According to registered dietitian Johna Burdeos, eggs are high in protein, nutrients, fat-soluble vitamins (A, D, E, and K), B vitamins, folate, and choline
Burdeos says eggs are a "perfect protein" because they contain all nine essential amino acids and antioxidants, which promote eye health.
Like most kids, I started liking eggs with breakfast scrambles and egg salad sandwiches. Eggs aren't just for breakfast, I've learned as an adult.
Quiches, frittatas, pad thai, and fettuccine carbonara use them. Since our culture loves farm-to-table food, eggs have become a trendy topping for salads, pizzas, and burgers.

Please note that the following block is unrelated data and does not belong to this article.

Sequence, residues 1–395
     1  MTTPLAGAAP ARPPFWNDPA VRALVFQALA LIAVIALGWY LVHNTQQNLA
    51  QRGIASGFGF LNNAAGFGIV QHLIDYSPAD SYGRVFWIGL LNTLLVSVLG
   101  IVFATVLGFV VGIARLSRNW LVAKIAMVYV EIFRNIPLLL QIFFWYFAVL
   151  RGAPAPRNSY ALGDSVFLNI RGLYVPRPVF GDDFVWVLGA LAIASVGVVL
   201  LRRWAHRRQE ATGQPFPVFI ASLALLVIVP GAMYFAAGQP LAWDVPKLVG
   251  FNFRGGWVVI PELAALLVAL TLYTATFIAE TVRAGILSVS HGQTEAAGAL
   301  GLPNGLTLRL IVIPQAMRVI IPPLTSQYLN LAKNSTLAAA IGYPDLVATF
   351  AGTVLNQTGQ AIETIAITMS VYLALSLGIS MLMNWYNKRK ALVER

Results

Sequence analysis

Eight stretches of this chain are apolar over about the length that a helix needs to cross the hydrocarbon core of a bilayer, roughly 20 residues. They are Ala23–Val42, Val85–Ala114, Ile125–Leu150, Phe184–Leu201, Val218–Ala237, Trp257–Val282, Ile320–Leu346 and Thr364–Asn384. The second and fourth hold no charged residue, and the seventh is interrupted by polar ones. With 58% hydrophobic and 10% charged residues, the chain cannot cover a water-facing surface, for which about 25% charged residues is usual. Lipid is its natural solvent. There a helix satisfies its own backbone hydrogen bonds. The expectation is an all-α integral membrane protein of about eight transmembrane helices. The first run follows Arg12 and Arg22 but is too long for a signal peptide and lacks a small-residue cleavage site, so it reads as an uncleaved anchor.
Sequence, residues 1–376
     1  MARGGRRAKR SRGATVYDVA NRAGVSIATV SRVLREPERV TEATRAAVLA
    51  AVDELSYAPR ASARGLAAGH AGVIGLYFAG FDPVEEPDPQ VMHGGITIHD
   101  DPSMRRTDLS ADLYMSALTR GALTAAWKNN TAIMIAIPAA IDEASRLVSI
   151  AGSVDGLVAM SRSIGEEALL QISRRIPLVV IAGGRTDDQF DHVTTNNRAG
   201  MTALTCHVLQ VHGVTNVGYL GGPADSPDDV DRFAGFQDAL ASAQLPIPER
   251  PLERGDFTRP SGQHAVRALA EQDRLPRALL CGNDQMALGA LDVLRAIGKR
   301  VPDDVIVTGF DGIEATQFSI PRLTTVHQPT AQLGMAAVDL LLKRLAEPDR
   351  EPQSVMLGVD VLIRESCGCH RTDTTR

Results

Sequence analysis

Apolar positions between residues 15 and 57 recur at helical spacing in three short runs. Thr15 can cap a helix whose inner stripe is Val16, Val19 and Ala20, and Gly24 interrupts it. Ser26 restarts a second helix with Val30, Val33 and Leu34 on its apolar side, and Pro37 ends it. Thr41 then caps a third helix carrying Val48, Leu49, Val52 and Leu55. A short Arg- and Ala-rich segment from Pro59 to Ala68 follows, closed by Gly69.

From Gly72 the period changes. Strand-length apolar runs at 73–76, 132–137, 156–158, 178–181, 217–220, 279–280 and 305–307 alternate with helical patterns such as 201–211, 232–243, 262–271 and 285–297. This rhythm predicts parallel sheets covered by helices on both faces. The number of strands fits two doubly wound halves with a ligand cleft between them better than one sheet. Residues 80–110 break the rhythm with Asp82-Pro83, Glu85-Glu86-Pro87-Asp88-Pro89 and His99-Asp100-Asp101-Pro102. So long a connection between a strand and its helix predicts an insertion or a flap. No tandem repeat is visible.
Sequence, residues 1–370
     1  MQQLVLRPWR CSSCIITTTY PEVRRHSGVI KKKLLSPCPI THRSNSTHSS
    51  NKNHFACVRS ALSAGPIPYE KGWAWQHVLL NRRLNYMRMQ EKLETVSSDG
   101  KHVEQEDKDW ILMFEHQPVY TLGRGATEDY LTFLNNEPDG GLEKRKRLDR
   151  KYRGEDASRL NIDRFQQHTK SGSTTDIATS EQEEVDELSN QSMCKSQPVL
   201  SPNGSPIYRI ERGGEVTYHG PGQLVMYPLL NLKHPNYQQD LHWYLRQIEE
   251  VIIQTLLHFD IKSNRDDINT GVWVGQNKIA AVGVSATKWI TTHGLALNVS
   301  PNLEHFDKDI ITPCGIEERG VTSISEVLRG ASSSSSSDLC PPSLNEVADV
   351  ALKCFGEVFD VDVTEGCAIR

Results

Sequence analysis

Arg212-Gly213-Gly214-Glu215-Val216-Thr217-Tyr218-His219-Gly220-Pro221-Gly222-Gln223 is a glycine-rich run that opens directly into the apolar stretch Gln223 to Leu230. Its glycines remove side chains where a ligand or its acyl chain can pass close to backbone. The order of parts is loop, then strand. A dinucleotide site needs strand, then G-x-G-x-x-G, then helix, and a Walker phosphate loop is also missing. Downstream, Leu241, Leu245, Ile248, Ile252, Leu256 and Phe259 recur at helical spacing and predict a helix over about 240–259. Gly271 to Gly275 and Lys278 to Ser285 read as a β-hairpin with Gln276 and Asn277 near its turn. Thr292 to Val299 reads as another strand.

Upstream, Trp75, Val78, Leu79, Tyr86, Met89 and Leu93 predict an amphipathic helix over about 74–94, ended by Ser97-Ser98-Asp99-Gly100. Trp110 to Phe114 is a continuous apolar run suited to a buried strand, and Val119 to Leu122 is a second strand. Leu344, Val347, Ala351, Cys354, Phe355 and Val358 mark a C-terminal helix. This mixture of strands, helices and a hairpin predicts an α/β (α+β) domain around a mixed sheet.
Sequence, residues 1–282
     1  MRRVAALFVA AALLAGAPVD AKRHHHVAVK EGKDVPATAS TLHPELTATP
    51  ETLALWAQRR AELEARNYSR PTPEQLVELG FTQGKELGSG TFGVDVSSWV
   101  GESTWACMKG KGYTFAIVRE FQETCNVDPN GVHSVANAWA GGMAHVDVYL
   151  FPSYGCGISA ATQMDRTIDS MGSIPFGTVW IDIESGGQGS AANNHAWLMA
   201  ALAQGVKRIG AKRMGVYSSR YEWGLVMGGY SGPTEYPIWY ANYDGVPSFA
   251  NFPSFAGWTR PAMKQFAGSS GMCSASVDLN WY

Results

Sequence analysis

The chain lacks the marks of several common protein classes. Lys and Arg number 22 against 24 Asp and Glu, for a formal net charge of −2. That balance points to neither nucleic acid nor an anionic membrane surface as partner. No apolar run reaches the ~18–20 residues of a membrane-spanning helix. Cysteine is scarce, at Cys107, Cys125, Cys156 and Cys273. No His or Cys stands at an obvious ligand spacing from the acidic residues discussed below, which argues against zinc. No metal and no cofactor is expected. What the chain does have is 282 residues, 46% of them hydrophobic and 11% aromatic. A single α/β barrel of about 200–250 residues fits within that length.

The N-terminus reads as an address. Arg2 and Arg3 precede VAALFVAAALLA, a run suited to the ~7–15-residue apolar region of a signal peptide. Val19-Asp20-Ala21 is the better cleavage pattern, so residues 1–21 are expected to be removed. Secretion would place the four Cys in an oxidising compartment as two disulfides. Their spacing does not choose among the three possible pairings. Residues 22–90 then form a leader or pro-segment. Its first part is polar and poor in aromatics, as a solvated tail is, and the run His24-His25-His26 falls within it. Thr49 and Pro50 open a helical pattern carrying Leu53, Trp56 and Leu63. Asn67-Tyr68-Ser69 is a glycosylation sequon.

Eggs are versatile, easy to make, and nutritious. I made a frittata with leftover salmon to start egg week. I sprinkled feta cheese over lemon-olive oil-dressed arugula.
I bought a mini quiche from my local farmstead the next day because I was rushing to pack for a trip. After lunch, I had the leftovers for breakfast before leaving.
According to Harvard University's blog, one egg has about 200 milligrammes of cholesterol, and the daily limit was 300.
Harvard Health reports, "The average healthy person likely suffers no harm from eating up to seven eggs per week."